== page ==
Kinetics and importance of the dimerization step in the folding pathway of the beta 2 subunit of Escherichia coli tryptophan synthase
Blond, S.; Goldberg, M.E.
Journal of Molecular Biology 182(4): 597-606
ISSN/ISBN: 0022-2836 PMID: 3892016 DOI: 10.1016/0022-2836(85)90245-1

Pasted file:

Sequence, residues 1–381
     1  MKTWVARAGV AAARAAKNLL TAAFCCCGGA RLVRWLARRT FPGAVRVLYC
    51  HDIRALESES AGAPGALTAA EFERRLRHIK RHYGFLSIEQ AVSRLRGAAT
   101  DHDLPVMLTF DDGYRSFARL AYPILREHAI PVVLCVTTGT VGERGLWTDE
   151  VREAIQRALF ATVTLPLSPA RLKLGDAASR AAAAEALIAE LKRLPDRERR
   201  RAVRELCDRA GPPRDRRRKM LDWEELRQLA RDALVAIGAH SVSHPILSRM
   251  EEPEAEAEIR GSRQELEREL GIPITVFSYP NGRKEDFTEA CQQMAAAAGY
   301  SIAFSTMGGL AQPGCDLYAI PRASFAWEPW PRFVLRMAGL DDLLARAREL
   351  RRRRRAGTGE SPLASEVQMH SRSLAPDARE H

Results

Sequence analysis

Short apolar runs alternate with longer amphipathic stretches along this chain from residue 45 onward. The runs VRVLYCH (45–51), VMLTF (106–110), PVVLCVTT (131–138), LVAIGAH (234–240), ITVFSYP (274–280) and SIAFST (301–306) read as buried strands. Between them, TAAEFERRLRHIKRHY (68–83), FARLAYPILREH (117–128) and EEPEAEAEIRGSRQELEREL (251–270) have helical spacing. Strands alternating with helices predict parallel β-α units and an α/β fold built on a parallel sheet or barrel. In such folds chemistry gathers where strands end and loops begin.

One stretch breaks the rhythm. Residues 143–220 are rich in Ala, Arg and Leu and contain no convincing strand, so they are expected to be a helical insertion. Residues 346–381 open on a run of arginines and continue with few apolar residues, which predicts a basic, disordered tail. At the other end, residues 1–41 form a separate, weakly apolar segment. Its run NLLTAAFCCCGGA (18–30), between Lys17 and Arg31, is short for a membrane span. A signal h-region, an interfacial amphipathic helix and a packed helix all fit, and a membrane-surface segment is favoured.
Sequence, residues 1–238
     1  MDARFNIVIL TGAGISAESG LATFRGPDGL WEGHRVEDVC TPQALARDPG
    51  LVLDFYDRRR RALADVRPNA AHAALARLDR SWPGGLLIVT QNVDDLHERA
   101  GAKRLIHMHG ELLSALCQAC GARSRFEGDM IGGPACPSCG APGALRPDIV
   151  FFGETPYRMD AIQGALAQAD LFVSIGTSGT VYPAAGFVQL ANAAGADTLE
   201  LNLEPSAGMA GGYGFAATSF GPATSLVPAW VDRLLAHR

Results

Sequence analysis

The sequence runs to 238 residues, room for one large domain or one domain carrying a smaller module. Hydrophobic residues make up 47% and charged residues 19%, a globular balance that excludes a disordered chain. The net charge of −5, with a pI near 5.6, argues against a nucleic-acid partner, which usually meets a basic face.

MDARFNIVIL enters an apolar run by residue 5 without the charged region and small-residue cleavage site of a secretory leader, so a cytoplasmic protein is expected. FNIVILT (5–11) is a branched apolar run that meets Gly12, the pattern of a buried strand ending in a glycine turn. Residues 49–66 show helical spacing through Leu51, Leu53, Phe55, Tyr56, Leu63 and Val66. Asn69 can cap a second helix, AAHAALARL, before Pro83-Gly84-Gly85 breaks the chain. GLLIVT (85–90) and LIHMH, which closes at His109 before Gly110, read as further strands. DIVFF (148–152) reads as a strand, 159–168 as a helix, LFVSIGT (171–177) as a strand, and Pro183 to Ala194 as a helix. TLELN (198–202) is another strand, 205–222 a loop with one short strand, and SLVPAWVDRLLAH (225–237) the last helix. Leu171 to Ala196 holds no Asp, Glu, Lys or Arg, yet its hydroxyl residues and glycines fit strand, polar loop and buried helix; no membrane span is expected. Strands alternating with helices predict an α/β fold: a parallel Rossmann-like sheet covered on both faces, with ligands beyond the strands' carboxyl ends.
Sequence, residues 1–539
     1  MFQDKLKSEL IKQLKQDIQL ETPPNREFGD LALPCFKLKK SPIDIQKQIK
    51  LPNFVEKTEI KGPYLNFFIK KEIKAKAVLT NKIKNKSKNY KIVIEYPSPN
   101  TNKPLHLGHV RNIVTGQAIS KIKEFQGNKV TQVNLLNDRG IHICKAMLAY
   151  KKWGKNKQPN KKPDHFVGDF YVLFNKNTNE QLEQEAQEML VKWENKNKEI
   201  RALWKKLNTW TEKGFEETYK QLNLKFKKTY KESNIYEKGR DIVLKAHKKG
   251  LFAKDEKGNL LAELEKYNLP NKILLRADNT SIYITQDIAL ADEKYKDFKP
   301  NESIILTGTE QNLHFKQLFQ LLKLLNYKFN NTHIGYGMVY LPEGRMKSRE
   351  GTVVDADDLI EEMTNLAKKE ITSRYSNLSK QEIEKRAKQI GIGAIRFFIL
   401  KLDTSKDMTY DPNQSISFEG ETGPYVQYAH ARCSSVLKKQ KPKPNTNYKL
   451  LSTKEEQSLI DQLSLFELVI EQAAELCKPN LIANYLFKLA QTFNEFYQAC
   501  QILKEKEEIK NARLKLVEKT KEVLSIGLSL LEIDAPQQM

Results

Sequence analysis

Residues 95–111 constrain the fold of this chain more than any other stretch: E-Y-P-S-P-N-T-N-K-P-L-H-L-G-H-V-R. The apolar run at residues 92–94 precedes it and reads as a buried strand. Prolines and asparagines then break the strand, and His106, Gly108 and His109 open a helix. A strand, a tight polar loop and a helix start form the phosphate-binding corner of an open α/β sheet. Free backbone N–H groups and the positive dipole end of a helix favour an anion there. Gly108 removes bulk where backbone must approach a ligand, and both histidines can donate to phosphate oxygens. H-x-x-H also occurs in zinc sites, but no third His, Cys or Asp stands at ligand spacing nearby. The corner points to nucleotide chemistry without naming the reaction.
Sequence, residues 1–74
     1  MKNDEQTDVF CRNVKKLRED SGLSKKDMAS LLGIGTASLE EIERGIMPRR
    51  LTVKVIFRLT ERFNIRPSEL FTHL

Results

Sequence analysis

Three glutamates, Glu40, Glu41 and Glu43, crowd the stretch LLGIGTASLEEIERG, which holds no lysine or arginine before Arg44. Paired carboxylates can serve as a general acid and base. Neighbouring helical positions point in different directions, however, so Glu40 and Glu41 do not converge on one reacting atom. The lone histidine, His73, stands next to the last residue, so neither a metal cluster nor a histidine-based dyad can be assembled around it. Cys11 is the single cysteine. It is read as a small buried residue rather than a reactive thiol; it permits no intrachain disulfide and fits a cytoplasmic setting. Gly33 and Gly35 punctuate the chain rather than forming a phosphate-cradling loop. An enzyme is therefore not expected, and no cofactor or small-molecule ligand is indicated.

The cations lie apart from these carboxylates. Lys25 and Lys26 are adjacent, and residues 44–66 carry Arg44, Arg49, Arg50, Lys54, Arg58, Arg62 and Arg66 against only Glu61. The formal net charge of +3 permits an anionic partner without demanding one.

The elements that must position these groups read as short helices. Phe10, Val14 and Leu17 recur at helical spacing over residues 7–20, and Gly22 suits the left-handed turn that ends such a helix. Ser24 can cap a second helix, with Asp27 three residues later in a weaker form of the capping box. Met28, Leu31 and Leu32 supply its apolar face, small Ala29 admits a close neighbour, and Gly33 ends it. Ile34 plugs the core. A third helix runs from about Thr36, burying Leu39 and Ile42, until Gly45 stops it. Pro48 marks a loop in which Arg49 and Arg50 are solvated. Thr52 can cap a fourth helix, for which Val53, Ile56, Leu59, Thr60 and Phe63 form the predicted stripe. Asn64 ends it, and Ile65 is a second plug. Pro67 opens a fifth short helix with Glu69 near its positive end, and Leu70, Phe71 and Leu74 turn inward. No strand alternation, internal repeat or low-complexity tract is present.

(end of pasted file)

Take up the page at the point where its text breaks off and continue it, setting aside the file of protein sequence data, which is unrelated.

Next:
During its folding, the polypeptide chain of the beta 2 subunit of Escherichia coli tryptophan synthase (L-serine hydrolyase (adding indole) EC 184.108.40.206) undergoes dimerization. To decide whether this dimerization precedes or follows the formation of the native, functional, tertiary structure of the polypeptide chain, the kinetics of renaturation of beta 2 are studied by monitoring both the regain of native conformation and the dimerization. Dimer formation is followed by the increase of the fluorescence polarization, or by energy transfer between a fluorescence donor and a fluorescence acceptor, which occur upon association of adequately labelled beta chains. Renaturation is followed by the regain of functional properties of beta 2, i.e. its ability to bind pyridoxal-5'-phosphate or to form a fluorescent ternary complex with this coenzyme and L-serine. It is shown that for beta 2 the dimerization obeys first-order kinetics, presumably because it occurs rapidly after a rate-limiting isomerization of the monomer. The dimerization is followed by another isomerization, taking place within the dimer, which leads to the formation of the pyridoxal-5'-phosphate binding site. Still another, slow, isomerization reaction involving the F1 (N-terminal) domain completes the renaturation. With a modified form of beta 2 (trypsin-nicked beta 2) where this isomerization of F1 can be made to occur before the dimerization, the dimer is also shown to appear before the functional properties. It is concluded that a non-native dimer indeed exists as an obligatory intermediate on the folding pathway of nicked beta 2 and of beta 2, and that interdomain interactions are needed to force the polypeptide chains into their native conformations.